West’s endorsement of “Brother Bernie” is in his words “not an affirmation of the neo-liberal Democratic Party or a downplaying of the ugly Israeli occupation of the Palestinians” (which Sanders has not significantly opposed). Of course not. It’s a gamble that Sanders’ ongoing attack on Wall Street and open acknowledgement of a “democratic socialist” identity will lead to an electoral victory that will curb the power of the top stratum of capitalist parasites and diminish the prospects for more imperialist war.
Such a result would not (of course) constitute socialism. It would not mean a real “revolution” in the Leninist sense. It might be a replay of Roosevelt and the New Deal (a series of measures largely designed to prevent a revolution in this country in the 1930s). But should we prefer to that outcome a victory of a Clinton or Cruz—-on the premise that such a presidency would exacerbate social contradictions to the point where the people (under the leadership of rare and precious leaders leading tiny sects whose rank-and-file members spout rhetoric they themselves hardly understand) will rise up in a repeat of the Bolshevik Revolution?
In 1980 at age 24, already filled with contempt at the whole U.S. electoral process and viscerally opposed to any participation in it, I compared Carter and Reagan and hoped Reagan would win. Because I thought Reagan would so provoke the masses by his vicious cuts in social spending and his crazed Cold War mentality that his election would hasten the day of the needed revolution. I was overly optimistic and badly mistaken.
These days I think that the election of a Cruz or Rubio—idiots who could easily trigger more war in the Middle East, North Africa or Ukraine, while abetting the further concentration of wealth in the hands of a few, immiserating more millions—could possibly produce a revolutionary situation, where (to paraphrase Lenin) the old system can’t continue in the old way, the masses can’t live in the old way, and there is revolutionary leadership. But I don’t hope for the election of either; the prospect indeed fills me with dread.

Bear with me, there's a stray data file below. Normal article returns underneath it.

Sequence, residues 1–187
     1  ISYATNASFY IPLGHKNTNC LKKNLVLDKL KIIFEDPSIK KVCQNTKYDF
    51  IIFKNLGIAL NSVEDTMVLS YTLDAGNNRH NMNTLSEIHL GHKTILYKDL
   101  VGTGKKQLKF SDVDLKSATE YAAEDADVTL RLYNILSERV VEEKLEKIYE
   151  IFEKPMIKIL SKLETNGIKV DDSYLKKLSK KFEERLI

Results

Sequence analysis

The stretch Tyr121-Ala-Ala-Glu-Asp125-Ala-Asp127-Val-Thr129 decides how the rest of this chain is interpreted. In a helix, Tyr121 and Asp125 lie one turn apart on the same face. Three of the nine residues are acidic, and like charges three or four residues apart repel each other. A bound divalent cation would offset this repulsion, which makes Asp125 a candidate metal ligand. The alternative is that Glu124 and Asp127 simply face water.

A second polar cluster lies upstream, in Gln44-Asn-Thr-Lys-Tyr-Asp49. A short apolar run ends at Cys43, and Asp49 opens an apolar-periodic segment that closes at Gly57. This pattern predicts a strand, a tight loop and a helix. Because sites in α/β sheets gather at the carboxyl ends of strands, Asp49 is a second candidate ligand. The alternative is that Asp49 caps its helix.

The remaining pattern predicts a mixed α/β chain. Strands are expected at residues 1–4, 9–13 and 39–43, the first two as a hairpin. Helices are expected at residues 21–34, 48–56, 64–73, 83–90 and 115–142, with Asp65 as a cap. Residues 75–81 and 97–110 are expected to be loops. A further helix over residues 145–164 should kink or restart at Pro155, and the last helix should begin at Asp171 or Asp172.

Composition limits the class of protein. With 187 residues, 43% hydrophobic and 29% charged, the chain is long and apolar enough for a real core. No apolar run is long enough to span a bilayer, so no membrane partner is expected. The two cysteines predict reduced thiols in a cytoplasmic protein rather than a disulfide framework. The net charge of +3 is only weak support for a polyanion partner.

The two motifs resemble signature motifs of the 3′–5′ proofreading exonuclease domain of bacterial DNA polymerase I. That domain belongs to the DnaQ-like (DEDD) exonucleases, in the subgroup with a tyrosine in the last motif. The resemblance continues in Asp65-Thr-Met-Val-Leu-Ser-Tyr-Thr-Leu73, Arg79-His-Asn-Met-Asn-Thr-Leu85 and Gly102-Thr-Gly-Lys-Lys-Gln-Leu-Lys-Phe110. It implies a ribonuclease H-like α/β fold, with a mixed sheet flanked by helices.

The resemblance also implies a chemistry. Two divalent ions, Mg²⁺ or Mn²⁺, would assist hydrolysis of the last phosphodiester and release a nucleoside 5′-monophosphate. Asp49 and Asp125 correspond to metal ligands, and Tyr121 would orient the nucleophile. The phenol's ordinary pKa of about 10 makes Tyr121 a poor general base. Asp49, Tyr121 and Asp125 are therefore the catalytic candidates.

Because I see no genuinely revolutionary party on the horizon remotely capable of effectively communicating with, much less leading the masses. I only see left sects trailing after each new mass movement, like Occupy or Black Lives Matter, striving to lead, recruiting a few new followers here and there, but more often than not alienating those they seek to influence by their wooden dogmatism, antiquated rhetoric, personality cults, lack of strategy and (often) the haggard zombie-like affect of their members trying to recruit.
On the other hand there is Sanders, a European-style social democrat calling for a “political revolution” and energizing the young generation to support him. In U.S. political history, this is not insignificant. Nor is it principally a bad thing. The Sanders campaign, whatever else it is, is a sign that young people are becoming okay with (some concept of) socialism. That can only be good for those seeing themselves as advocates of “real” socialism.